The most important driving philosophy for Lee is the willingness to figure things out. At Scratch Bar, the staff is fermenting honey water and pineapple liqueur. Lee's taking buttermilk from the butter they make and using it for ranch dressing on sandwiches at Woodley Proper. He remembers reading a long time ago that "the definition of a restaurant is a place that serves provisions made on site." He thinks about this constantly.

"You can buy processed and pre-made things, but why the fuck do that?" Lee says. "All the fun is in trying. We wanna put yogurt on the menu, cool. Next month we get to learn how to make yogurt. And we're going to tinker until we think, fuck, that's the best yogurt we've ever had."

As a chef/restaurateur, Lee wants to ensure that his talented staff never departs. He doesn't have servers at Scratch Bar, so cooks share tips and make more money than they would at other L.A. tasting-menu restaurants. Lee says he and his restaurant group will be there to invest in new projects when his veteran chefs want to create their own ventures.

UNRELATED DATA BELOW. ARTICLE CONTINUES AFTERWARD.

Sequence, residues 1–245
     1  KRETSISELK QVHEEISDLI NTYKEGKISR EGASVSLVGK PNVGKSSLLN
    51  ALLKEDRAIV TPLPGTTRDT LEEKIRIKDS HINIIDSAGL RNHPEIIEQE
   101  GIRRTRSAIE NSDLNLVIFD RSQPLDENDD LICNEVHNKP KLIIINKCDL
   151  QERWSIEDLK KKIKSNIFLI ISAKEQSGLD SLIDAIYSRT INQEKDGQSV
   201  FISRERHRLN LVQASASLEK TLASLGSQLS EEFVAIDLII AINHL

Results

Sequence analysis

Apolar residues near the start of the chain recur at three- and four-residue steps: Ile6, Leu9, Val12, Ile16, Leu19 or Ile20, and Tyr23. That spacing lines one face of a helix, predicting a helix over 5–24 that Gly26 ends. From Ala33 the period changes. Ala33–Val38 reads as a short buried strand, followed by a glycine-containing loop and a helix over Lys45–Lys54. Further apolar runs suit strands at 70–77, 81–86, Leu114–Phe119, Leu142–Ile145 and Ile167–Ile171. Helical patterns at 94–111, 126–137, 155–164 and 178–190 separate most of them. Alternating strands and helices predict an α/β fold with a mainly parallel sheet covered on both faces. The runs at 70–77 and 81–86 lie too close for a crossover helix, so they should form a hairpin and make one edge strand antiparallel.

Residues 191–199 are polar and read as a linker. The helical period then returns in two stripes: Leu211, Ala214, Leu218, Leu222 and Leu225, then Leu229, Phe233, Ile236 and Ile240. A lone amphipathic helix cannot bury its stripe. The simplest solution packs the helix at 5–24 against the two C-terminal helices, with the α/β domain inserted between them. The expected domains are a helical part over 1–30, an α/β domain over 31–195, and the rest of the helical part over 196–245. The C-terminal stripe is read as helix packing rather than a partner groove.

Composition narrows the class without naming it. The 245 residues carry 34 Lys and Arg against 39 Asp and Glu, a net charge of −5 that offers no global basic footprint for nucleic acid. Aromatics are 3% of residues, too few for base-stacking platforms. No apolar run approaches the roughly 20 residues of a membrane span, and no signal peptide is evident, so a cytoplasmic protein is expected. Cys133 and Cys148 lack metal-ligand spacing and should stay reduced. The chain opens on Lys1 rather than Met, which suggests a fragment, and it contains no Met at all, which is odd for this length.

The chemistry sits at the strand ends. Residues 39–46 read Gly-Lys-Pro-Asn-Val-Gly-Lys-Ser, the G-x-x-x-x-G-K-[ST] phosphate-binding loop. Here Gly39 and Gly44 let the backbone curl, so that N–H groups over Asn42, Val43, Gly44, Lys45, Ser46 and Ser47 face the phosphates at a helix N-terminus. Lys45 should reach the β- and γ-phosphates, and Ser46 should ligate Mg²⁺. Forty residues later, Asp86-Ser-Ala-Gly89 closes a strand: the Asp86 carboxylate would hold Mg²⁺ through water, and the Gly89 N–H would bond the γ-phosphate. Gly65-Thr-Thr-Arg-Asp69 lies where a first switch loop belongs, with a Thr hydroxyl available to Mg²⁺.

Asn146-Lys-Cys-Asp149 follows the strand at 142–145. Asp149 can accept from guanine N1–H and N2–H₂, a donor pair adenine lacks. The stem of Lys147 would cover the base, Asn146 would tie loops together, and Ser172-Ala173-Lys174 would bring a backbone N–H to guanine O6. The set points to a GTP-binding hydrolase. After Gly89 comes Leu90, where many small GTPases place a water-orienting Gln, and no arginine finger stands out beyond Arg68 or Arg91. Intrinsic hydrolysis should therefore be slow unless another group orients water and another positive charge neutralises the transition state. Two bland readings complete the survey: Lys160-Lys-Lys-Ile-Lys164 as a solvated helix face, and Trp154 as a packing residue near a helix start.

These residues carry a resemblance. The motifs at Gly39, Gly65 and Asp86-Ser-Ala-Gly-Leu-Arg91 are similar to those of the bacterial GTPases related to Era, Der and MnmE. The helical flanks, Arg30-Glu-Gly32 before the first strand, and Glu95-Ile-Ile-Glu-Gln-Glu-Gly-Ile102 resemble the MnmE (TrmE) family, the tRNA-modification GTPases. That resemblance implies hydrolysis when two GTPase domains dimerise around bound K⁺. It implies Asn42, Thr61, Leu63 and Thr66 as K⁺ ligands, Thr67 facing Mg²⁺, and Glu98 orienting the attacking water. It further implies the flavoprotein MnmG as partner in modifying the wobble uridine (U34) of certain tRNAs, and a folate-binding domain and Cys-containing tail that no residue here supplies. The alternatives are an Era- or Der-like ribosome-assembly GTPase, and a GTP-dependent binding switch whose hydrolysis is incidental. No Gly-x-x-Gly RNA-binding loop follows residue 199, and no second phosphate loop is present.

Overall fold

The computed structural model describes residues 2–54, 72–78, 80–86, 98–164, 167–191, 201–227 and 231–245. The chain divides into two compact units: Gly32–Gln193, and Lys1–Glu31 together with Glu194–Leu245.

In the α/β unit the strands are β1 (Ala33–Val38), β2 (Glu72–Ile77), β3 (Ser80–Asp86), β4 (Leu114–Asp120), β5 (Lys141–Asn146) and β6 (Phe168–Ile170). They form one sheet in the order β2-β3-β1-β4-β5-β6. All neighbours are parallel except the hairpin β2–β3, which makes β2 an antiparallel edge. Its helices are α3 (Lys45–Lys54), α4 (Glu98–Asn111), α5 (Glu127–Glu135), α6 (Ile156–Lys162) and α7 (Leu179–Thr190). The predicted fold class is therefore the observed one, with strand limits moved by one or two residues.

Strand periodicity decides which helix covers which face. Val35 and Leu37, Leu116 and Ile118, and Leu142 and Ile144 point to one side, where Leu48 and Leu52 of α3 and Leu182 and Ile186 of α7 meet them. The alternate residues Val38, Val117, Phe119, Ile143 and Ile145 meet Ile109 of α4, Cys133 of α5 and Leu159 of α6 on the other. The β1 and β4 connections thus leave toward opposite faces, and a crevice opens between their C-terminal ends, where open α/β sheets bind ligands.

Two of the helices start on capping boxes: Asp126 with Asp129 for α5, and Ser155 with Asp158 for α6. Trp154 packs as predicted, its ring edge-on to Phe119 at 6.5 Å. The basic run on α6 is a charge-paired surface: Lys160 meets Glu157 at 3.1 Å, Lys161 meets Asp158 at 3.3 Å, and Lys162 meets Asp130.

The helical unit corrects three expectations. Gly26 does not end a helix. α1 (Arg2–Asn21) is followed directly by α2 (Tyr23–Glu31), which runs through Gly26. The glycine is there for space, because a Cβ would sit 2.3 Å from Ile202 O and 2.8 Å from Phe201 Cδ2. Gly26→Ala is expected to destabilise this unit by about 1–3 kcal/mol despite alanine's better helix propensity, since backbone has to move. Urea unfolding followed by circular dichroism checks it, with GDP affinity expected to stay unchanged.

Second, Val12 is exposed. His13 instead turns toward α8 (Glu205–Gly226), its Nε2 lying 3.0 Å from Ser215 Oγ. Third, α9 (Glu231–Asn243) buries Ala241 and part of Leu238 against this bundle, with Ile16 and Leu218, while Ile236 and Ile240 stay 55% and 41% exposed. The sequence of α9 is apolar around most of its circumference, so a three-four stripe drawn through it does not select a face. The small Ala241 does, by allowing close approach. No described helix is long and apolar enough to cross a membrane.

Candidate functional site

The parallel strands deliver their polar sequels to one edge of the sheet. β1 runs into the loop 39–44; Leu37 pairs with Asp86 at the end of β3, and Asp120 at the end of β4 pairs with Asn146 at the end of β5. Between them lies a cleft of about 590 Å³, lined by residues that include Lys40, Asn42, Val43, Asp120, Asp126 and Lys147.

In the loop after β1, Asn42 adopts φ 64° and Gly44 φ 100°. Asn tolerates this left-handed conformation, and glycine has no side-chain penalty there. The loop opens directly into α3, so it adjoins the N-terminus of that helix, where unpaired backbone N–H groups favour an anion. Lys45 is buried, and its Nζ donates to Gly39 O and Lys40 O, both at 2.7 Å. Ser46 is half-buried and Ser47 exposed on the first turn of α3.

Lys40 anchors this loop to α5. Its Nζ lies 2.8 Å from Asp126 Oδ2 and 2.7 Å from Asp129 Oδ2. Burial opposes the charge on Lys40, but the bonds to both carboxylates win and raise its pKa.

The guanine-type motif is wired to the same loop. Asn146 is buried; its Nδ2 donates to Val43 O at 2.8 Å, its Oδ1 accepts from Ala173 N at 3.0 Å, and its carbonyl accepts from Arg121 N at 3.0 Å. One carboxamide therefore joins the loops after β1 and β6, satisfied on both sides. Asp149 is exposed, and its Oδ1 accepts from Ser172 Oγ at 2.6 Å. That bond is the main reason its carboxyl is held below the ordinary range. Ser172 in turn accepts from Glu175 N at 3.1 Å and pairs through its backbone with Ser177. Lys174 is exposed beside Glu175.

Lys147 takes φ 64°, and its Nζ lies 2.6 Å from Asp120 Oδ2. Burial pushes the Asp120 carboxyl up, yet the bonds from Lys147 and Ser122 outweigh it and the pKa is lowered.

"When people come to work here, I tell them you should never ever leave unless you're changing your career," Lee says. "If somebody's worked with me long enough that they're ready to open their own restaurant, fuck, we already have the same philosophies. I don't even need to watch them."

Lee and his team are just getting started.

"I want 100 world-class restaurants by the time I'm 50 years old," Lee says, smiling but also totally serious. "I have 19 years and like 350 days."